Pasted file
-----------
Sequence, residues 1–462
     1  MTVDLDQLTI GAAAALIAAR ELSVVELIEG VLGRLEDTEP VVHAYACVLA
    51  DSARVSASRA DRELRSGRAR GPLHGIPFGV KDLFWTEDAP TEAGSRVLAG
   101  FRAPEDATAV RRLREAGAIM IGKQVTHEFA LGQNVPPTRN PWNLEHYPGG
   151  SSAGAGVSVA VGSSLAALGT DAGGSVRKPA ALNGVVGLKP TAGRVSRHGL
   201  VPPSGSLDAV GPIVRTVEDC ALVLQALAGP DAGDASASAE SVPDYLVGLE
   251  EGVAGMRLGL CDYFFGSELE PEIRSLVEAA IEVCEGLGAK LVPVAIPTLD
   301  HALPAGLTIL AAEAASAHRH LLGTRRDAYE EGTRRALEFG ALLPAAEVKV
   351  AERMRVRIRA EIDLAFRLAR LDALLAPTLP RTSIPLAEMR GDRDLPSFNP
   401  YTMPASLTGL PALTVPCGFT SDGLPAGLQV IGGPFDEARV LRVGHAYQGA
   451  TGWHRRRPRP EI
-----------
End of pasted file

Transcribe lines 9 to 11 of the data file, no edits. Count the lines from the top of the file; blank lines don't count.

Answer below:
   351  AERMRVRIRA EIDLAFRLAR LDALLAPTLP RTSIPLAEMR GDRDLPSFNP
   401  YTMPASLTGL PALTVPCGFT SDGLPAGLQV IGGPFDEARV LRVGHAYQGA
   451  TGWHRRRPRP EI